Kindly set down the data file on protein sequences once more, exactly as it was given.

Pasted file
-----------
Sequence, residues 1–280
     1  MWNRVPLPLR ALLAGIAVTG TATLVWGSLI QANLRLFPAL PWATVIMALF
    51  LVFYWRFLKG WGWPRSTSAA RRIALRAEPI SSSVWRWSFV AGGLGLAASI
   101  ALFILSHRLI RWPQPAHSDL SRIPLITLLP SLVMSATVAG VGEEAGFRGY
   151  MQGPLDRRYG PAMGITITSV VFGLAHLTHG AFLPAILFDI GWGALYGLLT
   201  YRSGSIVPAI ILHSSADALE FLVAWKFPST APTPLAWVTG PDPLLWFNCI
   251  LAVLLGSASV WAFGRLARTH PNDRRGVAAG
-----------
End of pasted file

Sequence, residues 1–280
     1  MWNRVPLPLR ALLAGIAVTG TATLVWGSLI QANLRLFPAL PWATVIMALF
    51  LVFYWRFLKG WGWPRSTSAA RRIALRAEPI SSSVWRWSFV AGGLGLAASI
   101  ALFILSHRLI RWPQPAHSDL SRIPLITLLP SLVMSATVAG VGEEAGFRGY
   151  MQGPLDRRYG PAMGITITSV VFGLAHLTHG AFLPAILFDI GWGALYGLLT
   201  YRSGSIVPAI ILHSSADALE FLVAWKFPST APTPLAWVTG PDPLLWFNCI
   251  LAVLLGSASV WAFGRLARTH PNDRRGVAAG